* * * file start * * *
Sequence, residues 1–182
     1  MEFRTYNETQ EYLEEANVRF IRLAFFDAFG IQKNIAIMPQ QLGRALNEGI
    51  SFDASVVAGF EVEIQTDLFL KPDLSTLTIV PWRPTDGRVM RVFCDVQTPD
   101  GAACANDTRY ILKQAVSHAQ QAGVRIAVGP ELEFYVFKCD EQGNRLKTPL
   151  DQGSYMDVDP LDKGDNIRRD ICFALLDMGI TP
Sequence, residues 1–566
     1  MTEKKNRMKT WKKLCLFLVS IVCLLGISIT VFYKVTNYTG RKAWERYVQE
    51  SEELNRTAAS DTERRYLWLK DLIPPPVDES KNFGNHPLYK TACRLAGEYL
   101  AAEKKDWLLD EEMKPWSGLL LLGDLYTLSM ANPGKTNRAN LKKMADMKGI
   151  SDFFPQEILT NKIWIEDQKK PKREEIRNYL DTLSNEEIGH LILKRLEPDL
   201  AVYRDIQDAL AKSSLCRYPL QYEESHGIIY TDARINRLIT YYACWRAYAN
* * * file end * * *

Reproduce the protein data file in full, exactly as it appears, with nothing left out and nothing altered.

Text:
Sequence, residues 1–182
     1  MEFRTYNETQ EYLEEANVRF IRLAFFDAFG IQKNIAIMPQ QLGRALNEGI
    51  SFDASVVAGF EVEIQTDLFL KPDLSTLTIV PWRPTDGRVM RVFCDVQTPD
   101  GAACANDTRY ILKQAVSHAQ QAGVRIAVGP ELEFYVFKCD EQGNRLKTPL
   151  DQGSYMDVDP LDKGDNIRRD ICFALLDMGI TP
Sequence, residues 1–566
     1  MTEKKNRMKT WKKLCLFLVS IVCLLGISIT VFYKVTNYTG RKAWERYVQE
    51  SEELNRTAAS DTERRYLWLK DLIPPPVDES KNFGNHPLYK TACRLAGEYL
   101  AAEKKDWLLD EEMKPWSGLL LLGDLYTLSM ANPGKTNRAN LKKMADMKGI
   151  SDFFPQEILT NKIWIEDQKK PKREEIRNYL DTLSNEEIGH LILKRLEPDL
   201  AVYRDIQDAL AKSSLCRYPL QYEESHGIIY TDARINRLIT YYACWRAYAN